Attempted hours include all those in which a student is enrolled as of the end of the second week of each fall or spring term (the 10th day of the term, generally known as the “census date”). Students may drop a course until the 10th day of the term. Dropped courses do not count in attempted hours.

The summer schedule is similar to fall/spring but is determined according to the summer calendar. Credit hours that are dropped or withdrawn prior to the census date are not considered attempted; credit hours that are dropped or withdrawn after the census date are considered attempted.

Repeated courses affect grade point average and Completion Rate.

Transfer hours do not affect grade point average. Transfer hours are added to both completed hours and attempted hours in the Completion Rate calculation.

Courses with temporary grades of IN or AB affect grade point average. A grade of IN (incomplete) or AB (absent from final exam) is calculated as an F until a permanent grade is assigned. If a grade of IN or AB is converted to a passing grade, grade point average will be recalculated accordingly. Grades of IN or AB will adversely affect Completion Rate, counting as attempted hours but not completed hours.

Withdrawn courses do not affect grade point average. Withdrawn courses are NOT considered a successful completion, though, and will adversely affect Completion Rate.

Failed courses influence grade point average. A failed course will also adversely affect Completion Rate, counting as attempted hours but not completed hours.

Overview of Academic Status

Entering Academic Status Term Performance New Academic Status
Good Meets all 4 standards Good (may enroll)
Good Does not meet all 4 standards Warning (may enroll; must complete academic intervention plan)
Warning Meets all 4 standards Good (may enroll)
Warning Does not meet all 4 standards Suspension (may not enroll; may pursue options a or b for suspension status)
Probation Meets all 4 standards Good (may enroll)
Probation Does not meet all 4 standards Suspension (may not enroll; may pursue options a or b for suspension status)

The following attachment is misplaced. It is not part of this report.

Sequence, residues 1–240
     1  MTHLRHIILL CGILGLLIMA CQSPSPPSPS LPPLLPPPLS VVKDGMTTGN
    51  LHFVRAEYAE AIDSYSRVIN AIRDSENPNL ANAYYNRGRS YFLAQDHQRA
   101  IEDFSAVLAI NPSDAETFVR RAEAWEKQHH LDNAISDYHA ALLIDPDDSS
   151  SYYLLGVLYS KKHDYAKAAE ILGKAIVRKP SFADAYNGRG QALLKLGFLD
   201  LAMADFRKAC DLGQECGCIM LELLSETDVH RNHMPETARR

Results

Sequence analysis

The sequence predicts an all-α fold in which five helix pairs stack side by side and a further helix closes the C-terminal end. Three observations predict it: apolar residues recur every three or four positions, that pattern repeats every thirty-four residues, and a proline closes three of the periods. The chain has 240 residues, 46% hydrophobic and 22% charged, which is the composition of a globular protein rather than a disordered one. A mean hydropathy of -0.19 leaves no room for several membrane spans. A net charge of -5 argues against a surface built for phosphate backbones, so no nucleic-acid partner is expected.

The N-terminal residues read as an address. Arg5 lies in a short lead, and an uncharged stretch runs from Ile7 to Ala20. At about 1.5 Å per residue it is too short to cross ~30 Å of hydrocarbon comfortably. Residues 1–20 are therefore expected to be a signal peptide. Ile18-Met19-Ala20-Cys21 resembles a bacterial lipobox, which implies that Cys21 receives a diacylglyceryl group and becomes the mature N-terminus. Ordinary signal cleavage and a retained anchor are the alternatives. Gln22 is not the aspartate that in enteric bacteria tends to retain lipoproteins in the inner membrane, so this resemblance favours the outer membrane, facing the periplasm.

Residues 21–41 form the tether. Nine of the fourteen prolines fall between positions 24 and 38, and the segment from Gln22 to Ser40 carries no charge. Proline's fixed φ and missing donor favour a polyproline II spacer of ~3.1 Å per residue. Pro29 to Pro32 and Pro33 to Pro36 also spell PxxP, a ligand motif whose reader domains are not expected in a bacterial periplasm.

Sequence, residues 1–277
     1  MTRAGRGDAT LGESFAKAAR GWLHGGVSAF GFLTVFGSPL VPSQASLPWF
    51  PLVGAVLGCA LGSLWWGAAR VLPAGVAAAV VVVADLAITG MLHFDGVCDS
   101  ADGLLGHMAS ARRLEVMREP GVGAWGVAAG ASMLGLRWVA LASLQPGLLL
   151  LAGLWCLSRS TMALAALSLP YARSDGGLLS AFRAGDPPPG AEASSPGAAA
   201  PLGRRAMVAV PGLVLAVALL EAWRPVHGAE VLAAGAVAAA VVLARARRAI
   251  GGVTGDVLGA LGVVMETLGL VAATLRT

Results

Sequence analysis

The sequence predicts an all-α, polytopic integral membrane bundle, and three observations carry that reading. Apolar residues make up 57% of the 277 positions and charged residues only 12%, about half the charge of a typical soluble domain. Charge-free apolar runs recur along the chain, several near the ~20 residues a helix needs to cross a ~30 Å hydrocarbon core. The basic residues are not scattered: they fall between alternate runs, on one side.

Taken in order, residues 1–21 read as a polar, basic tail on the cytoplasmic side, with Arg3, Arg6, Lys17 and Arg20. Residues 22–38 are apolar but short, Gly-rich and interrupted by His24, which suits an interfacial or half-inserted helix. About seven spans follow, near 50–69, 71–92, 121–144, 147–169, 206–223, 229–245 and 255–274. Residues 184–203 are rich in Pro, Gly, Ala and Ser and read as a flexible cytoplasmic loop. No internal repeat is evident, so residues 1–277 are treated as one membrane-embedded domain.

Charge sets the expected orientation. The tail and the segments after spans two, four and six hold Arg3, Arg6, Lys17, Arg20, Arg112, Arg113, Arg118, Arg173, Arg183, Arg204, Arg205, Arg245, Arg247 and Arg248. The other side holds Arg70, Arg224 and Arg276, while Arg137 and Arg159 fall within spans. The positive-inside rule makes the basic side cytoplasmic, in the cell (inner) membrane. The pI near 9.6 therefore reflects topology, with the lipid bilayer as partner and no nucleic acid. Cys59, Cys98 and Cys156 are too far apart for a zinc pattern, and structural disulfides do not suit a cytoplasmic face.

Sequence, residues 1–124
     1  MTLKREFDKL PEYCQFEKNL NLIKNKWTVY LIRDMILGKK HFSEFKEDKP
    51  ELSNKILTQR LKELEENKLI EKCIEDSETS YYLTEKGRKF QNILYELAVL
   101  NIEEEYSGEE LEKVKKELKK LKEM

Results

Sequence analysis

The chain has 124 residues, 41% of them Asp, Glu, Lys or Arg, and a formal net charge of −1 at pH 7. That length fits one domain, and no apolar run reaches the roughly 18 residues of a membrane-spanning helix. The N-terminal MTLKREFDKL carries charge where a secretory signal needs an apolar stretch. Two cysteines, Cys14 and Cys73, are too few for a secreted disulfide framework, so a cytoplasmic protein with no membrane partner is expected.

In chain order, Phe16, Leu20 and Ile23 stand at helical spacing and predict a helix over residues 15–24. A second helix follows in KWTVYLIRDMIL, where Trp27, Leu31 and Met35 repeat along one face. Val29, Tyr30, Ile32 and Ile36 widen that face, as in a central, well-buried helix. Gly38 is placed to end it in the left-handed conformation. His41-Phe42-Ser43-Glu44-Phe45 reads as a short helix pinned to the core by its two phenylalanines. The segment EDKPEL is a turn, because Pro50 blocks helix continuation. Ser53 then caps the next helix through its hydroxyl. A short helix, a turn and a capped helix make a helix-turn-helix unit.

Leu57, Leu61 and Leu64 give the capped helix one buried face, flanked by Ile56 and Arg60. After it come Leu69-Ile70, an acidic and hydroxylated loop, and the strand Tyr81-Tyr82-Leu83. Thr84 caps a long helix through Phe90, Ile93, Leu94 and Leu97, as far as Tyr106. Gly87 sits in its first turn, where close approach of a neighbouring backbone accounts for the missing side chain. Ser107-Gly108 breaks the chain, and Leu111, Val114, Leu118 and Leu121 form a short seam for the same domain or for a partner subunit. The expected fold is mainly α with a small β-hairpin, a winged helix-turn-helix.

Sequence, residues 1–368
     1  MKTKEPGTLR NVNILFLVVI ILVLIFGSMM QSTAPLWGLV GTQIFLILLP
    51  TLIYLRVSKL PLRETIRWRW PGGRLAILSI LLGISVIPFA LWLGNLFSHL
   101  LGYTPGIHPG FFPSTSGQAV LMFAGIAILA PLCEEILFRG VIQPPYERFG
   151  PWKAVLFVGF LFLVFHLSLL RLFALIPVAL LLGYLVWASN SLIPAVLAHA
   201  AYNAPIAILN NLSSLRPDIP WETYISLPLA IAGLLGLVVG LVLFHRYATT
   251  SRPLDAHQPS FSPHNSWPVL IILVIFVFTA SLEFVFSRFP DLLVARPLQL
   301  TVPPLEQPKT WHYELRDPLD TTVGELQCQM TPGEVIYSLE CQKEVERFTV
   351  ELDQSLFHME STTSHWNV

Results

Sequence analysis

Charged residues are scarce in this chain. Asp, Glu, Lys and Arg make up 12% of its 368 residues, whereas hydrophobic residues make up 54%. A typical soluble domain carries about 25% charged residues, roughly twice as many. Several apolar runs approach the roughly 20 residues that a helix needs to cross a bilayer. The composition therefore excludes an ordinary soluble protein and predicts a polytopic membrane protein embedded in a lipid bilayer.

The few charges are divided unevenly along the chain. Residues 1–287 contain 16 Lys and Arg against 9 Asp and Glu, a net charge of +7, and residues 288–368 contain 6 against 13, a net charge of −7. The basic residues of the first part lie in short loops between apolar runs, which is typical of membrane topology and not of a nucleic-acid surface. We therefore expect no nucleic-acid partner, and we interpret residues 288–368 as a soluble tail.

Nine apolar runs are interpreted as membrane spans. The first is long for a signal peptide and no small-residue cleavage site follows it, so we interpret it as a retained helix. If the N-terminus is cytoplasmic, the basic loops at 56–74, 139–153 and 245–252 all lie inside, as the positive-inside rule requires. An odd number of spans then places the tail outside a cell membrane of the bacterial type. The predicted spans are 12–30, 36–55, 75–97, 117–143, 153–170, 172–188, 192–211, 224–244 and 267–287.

Academic Eligibility Policy for Non-Degree-Seeking Programs

For non-degree-seeking students there are three academic statuses: good standing, alert, and ineligible. A non-degree-seeking student with a 2.000 or higher cumulative grade point average will be in good standing and eligible to enroll in courses. If a non-degree-seeking student falls below a 2.000 cumulative grade point average, the student will be assigned a status of alert. A non-degree-seeking student who begins a term with a status of alert and does not raise his or her cumulative grade point average to 2.000 or higher at the end of the term will have an academic status of ineligible and will not be permitted to enroll in courses. Non-degree-seeking students with a status of ineligible may appeal to The Friday Center.

Appeals

Students may, under extraordinary circumstances, present an appeal in writing (or online for students in the College of Arts and Sciences) to the dean of their school (for students in the College of Arts and Sciences, this is the associate dean for advising). The dean will refer the appeal to the administrative board for his/her school.

Calculation of Transferred Semesters Based on the Number of Transferred Credit Hours

See the Credit and Evaluation section of the catalog. 

Additional Information for Students with an Academic Status of Suspension

  • If students earn 15 or more transfer semester credit hours for courses taken at other institutions cumulatively over the fall or spring semesters before applying for readmission to the University, a calculation will be made as to how many semesters the student is regarded as having completed, based on the number of hours accepted for transfer credit. The resulting tally of total semesters completed will determine requirements for restoring academic eligibility.
  • Students should consult their academic advisor if they are considering taking classes at another institution. Grades do not transfer, and credit hours accumulated through enrollment in fall and spring semesters at other schools can affect the number of remaining semesters that students have left to complete their degree requirements at UNC–Chapel Hill.
  • Students who attend another institution (summer, fall, or spring), and who apply for readmission must have at least a 2.000 (C) average in work at the other institution.
  • Students who have a housing assignment or contract for the following semester should either cancel their application/contract or notify the University’s Department of Housing and Residential Education of their intention to restore academic eligibility before the following semester begins.

Students who are inactive during a semester because of ineligibility (or other reasons) must apply for readmission before registering for a full-time term.

Removing AB or IN Grades

For information about completing courses with grades of AB (absent from the final examination) or IN (incomplete), see the grading system information.